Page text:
June 20, 2024

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Lightning can strike, but it can’t hide from an ESA satellite

Lightning can strike, but it can’t hide from an ESA satellite

Lightning comes and goes in brilliant, terrifying flashes. With powerful enough satellites in orbit, all that static crackling is projected into the world’s skies.

The latest visualization of atmospheric electricity comes from Meteosat Third Generation, a European satellite launched in December. Its cameras can track and record lightning strikes, even the smallest and fastest, day and night, on more than 80 percent of Earth’s surface visible from the satellite’s orbit. It was the first of six such satellites that would eventually track weather around the world.

The European Space Agency released the first batch of images from the Meteosat orbiter last week, revealing lightning flashes over regions of western Europe, Africa and South America. The agency shared images during the satellite’s calibration with its partners before it is fully operational by the end of this year.

The satellite’s Lightning Imager has four cameras, each with five lenses. The cameras can capture a single flash of lightning that lasts as little as 0.6 milliseconds, much faster than the blink of an eye, and can take clear pictures at 1,000 frames per second.

The US National Oceanographic and Atmospheric Administration has been tracking lightning in North and South America since 2017, using the Geostationary Lightning Chart aboard the Geostationary Operational Environmental Satellite, known as GOES. The European system expands lightning detection to regions of Europe, Africa and the Middle East (with overlapping coverage in parts of South America), and provides important technical improvements that should provide a wealth of data for global weather forecasters.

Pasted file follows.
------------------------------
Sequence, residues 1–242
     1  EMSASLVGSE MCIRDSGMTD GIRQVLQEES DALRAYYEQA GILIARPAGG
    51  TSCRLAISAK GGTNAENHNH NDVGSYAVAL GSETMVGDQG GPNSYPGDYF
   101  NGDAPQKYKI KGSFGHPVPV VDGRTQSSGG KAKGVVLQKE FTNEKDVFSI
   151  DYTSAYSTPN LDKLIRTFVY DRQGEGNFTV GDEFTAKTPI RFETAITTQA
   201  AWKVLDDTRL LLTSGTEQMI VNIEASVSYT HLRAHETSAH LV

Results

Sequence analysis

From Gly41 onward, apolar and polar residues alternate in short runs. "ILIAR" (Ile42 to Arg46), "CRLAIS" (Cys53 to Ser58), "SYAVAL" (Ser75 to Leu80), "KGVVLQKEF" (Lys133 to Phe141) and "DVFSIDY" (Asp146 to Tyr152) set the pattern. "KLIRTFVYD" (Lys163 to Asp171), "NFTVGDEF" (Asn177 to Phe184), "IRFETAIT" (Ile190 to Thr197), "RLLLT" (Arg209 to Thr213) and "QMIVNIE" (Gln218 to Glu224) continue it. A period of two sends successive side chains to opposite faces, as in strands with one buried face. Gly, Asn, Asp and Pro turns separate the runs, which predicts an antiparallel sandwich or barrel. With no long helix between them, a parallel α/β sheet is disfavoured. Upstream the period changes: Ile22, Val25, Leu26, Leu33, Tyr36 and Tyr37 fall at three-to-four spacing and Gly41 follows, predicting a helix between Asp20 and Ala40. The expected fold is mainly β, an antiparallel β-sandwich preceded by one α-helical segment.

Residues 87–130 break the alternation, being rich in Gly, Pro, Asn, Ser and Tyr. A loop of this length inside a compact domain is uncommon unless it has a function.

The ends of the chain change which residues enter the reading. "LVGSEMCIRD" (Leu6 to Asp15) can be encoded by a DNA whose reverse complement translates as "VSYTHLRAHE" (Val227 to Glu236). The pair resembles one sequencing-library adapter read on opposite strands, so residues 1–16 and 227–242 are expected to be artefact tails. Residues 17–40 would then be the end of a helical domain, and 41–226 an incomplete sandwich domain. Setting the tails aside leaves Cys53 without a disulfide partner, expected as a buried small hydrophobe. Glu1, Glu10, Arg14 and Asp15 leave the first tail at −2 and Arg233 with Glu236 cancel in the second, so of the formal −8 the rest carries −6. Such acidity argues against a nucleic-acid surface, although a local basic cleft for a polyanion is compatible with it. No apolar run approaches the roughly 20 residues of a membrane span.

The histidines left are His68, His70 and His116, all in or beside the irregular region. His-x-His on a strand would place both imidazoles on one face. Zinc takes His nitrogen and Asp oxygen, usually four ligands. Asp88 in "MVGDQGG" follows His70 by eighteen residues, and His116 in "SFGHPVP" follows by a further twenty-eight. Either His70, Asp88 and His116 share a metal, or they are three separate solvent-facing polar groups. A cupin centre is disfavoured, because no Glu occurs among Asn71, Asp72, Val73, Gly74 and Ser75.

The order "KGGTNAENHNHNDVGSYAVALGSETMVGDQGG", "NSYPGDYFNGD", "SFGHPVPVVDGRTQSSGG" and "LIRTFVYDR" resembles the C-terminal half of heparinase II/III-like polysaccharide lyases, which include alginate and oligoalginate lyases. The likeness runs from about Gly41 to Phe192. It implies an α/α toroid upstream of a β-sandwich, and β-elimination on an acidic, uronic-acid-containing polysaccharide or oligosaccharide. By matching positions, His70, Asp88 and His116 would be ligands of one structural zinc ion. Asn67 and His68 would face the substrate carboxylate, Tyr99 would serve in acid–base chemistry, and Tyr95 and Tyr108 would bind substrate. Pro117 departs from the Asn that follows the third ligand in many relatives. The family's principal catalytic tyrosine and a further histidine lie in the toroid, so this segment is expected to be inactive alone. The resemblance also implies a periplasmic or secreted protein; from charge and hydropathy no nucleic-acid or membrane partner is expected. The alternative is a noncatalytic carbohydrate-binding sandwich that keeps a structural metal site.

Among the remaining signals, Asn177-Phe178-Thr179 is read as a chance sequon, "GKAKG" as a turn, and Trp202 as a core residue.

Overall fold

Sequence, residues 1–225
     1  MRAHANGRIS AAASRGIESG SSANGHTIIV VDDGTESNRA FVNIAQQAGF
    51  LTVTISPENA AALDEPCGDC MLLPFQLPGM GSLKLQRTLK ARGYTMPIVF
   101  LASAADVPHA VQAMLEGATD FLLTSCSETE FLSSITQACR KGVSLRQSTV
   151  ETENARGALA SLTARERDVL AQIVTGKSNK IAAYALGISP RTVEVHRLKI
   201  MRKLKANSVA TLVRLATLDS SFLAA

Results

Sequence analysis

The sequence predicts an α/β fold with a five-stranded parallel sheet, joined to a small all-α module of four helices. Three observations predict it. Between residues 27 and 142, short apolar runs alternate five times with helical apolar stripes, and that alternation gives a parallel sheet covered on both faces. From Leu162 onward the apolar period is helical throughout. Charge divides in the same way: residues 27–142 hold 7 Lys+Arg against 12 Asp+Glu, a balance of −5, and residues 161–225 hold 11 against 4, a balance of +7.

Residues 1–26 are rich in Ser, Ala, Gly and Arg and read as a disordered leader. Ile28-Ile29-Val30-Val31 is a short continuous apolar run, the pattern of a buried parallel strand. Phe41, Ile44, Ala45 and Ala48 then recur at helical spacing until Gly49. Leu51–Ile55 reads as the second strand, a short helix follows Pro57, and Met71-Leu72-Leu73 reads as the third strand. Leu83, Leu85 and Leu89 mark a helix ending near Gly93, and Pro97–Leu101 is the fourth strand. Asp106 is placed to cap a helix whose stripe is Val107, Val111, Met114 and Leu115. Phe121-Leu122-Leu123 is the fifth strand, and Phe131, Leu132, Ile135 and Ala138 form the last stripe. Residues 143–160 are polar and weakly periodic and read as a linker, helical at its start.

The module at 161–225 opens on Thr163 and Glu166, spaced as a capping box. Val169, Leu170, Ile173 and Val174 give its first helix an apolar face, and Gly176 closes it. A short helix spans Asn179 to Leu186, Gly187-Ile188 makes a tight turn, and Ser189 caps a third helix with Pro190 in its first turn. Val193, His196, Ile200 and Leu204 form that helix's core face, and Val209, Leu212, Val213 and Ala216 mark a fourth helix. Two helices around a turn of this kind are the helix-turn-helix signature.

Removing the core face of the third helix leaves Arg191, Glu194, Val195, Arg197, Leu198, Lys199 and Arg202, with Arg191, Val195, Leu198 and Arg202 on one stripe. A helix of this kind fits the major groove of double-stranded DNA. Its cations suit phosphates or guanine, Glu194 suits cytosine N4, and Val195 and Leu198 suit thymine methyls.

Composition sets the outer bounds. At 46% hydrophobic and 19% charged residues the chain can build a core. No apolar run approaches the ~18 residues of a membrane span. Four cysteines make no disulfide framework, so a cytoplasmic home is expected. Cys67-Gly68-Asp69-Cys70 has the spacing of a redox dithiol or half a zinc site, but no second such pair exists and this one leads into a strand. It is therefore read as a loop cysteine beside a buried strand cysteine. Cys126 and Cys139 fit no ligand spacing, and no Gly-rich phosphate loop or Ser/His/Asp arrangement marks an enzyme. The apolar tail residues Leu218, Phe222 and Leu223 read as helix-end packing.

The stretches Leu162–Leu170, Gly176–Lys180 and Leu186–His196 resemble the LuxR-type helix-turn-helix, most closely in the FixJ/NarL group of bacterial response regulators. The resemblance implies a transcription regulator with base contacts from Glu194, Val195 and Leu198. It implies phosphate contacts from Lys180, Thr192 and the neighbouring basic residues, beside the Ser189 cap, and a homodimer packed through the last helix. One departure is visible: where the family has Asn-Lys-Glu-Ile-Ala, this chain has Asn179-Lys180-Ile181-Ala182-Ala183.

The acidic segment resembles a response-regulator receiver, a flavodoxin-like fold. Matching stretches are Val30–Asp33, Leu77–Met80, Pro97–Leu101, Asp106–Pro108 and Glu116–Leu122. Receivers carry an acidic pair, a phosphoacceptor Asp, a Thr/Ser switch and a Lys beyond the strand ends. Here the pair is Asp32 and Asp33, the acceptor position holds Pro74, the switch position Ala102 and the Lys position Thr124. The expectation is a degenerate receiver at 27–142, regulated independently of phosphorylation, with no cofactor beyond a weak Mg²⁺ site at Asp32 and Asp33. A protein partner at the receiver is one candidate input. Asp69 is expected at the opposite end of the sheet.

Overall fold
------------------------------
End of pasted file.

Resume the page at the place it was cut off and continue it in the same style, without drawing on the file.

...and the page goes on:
“First, we have better resolution,” said Goya Pastorini, project engineering manager at Leonardo SpA, the aerospace company that developed the imager on Meteosat. “We are able to detect even a single bolt of lightning, while GOES can only detect a group of events. In terms of energy, we can detect weaker lightning strikes.”

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Carlo Simoncelli, director of software at Leonardo, said the data from the imaging device would be useful in forecasting the weather. Lightning is associated with tornadoes, and there is a significant increase in lightning remaining within clouds about half an hour before a tornado. Being able to detect this from space, Mr. Simoncelli said, “gives us the ability to early warn about potentially catastrophic events”.

Having the system always on and producing data in all conditions is a huge advantage. “It’s very easy to spot lightning at night in the desert,” said Ms. Pastorini. “But if you look at the reflection of lightning over the ocean or just during the day, it’s much more difficult.”

Steve Goodman, a recently retired senior scientist with the National Oceanic and Atmospheric Administration who has spent the past 10 years working on the geostationary lightning diagram for GOES satellites, noted that the European systems are based on decades-old ideas. And in some far northern latitudes, he said, the cameras’ resolution would be no better than that of US satellites. But he also said that the greater overall resolution of the European imaging helped detect smaller, weaker lightning.

“They’ve built a very good system,” he said, “and all of their data is going to be shared.”

Whatever system is used, Dr. Goodman said, tracking lightning strikes and its relationship to hurricane intensity has significant benefits for aircraft pilots, climatologists and ordinary citizens.

“Emergency workers should warn people accurately, not too early, because it costs money, and not too late, because it costs lives,” he said.

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